The Anaphora is the most solemn part of the Divine Liturgy, or the Holy Sacrifice of the Mass, during which the offerings of bread and wine are consecrated as the body and blood of Christ. This is the usual name for this part of the Liturgy in Greek-speaking Eastern Christianity. In western Christian traditions which have a comparable rite, the Anaphora is more often called the Eucharistic Prayer for the four modern anaphoras in the Latin liturgy, with the first anaphora having the additional name of the Roman Canon. When the Roman Rite had a single Eucharistic Prayer, it was called the Canon of the Mass.
The West Syriac Rite, also called Syro-Antiochian Rite, is an Eastern Christian liturgical rite that uses the Divine Liturgy of Saint James in the West Syriac dialect. It is one of two main liturgical rites of Syriac Christianity. It is chiefly practiced in the Syriac Maronite Church, the Syriac Orthodox Church of Antioch and churches related to or descended from it. It is part of the liturgical family known as the Antiochian Rite, which originated in the ancient Patriarchate of Antioch. It has more anaphoras than any other rite.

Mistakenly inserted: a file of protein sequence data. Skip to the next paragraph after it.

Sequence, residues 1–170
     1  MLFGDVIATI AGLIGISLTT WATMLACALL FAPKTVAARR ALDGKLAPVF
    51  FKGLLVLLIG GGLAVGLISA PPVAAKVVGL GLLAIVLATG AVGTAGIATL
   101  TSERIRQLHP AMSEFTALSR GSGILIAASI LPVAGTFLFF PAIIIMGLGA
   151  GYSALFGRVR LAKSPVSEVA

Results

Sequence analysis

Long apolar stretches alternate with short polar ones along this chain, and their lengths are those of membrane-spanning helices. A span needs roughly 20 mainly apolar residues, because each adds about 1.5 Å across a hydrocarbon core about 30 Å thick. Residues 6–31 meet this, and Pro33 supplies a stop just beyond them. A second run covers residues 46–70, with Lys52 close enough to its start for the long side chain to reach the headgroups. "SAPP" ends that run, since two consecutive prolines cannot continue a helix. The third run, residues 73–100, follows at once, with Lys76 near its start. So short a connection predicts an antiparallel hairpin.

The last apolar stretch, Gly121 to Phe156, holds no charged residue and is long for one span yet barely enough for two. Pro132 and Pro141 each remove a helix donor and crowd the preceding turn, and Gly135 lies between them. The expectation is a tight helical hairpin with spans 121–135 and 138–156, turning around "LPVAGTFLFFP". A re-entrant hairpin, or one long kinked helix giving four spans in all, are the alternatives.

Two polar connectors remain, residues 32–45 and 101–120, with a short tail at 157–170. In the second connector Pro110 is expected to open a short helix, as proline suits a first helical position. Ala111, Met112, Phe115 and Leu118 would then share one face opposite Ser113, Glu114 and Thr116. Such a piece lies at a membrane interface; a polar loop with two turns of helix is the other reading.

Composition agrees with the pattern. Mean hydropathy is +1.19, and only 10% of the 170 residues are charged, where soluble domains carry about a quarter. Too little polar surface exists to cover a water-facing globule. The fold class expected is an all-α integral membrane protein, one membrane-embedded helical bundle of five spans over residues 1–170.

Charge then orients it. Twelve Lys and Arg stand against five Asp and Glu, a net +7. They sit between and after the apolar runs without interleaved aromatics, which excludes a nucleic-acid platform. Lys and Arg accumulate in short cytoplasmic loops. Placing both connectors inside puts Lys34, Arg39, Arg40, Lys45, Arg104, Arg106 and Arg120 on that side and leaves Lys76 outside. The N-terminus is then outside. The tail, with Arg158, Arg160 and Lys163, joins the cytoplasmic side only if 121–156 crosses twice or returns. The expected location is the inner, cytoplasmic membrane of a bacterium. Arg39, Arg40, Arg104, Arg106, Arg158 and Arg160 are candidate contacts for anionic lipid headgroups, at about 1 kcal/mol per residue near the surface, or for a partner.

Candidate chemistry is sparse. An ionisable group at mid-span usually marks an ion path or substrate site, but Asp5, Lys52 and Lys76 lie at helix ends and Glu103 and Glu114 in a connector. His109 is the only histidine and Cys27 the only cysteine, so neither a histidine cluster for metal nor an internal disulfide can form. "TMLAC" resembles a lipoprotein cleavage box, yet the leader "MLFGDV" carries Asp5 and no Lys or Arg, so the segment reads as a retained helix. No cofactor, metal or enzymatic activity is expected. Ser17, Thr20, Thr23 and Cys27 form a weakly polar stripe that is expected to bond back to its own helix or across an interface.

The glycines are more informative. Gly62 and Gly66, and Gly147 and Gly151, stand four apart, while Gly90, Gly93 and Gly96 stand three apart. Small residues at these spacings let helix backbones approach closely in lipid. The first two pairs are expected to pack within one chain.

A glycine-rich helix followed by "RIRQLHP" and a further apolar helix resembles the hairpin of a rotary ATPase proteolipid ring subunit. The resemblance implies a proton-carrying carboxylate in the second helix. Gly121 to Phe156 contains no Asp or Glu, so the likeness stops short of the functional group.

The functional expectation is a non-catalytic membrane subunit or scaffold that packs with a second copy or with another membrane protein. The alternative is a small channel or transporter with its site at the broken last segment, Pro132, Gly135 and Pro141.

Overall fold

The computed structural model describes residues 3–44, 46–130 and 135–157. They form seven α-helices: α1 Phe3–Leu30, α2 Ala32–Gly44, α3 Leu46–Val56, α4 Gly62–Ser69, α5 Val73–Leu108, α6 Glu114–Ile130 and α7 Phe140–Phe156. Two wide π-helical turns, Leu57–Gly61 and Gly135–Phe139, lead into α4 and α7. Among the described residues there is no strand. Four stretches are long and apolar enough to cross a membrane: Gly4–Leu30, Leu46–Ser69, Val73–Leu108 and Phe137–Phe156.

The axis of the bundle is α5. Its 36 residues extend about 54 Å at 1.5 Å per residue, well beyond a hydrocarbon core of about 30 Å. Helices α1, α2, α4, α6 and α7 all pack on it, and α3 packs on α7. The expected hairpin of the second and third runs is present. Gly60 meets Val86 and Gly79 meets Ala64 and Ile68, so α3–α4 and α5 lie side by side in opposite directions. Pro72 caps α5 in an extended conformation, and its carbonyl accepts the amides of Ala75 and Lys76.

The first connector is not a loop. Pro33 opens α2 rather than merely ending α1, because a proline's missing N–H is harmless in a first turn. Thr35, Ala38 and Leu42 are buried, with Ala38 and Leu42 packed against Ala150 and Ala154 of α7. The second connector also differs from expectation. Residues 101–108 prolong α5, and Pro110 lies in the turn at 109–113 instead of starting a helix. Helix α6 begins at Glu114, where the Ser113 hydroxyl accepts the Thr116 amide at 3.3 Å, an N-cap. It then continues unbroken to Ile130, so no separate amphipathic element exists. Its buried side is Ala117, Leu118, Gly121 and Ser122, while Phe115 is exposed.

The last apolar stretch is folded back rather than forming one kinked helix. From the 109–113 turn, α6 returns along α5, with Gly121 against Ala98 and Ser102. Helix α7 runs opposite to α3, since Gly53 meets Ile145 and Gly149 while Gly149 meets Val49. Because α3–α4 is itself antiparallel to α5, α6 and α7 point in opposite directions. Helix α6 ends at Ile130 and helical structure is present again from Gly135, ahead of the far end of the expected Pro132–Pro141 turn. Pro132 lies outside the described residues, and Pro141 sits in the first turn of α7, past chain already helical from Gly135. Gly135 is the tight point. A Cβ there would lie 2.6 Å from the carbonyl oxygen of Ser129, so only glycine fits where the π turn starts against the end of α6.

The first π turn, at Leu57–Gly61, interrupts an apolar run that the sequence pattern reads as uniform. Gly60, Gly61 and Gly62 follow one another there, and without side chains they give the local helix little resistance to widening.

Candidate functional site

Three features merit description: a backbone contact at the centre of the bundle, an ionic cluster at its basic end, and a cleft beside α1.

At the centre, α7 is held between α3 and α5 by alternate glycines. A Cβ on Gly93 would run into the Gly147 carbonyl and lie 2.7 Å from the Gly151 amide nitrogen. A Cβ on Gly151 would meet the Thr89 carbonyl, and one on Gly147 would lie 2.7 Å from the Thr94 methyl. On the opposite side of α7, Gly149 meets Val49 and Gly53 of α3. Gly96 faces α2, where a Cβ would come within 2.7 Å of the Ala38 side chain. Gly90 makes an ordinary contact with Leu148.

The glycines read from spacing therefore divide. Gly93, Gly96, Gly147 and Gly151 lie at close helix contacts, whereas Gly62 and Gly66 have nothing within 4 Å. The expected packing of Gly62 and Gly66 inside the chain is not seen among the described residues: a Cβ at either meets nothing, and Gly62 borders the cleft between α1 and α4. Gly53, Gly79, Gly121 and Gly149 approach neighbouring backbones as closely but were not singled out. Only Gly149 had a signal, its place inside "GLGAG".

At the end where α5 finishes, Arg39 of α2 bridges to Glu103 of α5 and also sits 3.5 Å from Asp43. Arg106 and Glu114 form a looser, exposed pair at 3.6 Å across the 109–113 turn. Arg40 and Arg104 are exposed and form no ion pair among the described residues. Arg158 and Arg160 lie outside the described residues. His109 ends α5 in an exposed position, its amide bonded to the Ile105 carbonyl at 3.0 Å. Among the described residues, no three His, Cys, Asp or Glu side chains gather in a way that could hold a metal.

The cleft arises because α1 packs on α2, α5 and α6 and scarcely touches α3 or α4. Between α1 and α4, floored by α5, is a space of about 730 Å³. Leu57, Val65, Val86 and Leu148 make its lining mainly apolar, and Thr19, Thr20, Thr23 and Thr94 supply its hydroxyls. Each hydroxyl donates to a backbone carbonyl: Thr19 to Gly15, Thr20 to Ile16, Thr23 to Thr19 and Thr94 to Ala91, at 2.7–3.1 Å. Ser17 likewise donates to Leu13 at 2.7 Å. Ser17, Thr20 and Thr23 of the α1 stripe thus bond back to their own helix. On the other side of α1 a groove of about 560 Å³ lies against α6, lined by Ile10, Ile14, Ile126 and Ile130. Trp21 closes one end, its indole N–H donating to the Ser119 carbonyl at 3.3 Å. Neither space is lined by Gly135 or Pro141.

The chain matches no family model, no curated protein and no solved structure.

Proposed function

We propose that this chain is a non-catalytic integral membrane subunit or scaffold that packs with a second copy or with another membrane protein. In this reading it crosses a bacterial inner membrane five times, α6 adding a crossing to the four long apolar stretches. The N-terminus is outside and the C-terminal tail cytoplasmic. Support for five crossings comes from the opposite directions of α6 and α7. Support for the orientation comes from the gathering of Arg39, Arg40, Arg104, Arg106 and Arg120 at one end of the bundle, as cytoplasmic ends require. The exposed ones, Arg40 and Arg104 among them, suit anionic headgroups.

Antiochene Rite or Antiochian Rite designates the family of liturgies originally used in the Patriarchate of Antioch.
The Roman Canon is the oldest eucharistic prayer used in the Mass of the Roman Rite, and dates its arrangement to at least the 7th century. Through the centuries, the Roman Canon has undergone minor alterations and modifications, but retains the same essential form it took in the seventh century under Pope Gregory I. Before 1970, it was the only eucharistic prayer used in the Roman Missal, but since then three other eucharistic prayers were newly composed for the Mass of Paul VI.
The Alexandrian Rite is the liturgical rite used by the Coptic Orthodox Church of Alexandria, Eritrean Orthodox Tewahedo Church and Ethiopian Orthodox Tewahedo Church, as well as by the three corresponding Eastern Catholic Churches.
The Liturgy of Saint Basil or, more formally, the Divine Liturgy of Saint Basil the Great, is a term for several Eastern Christian celebrations of the Divine Liturgy (Eucharist), or at least several anaphoras, which are named after Basil of Caesarea. Two of these liturgies are in common use today: the one used in the Byzantine Rite ten times a year, and the one ordinarily used by the Coptic Church.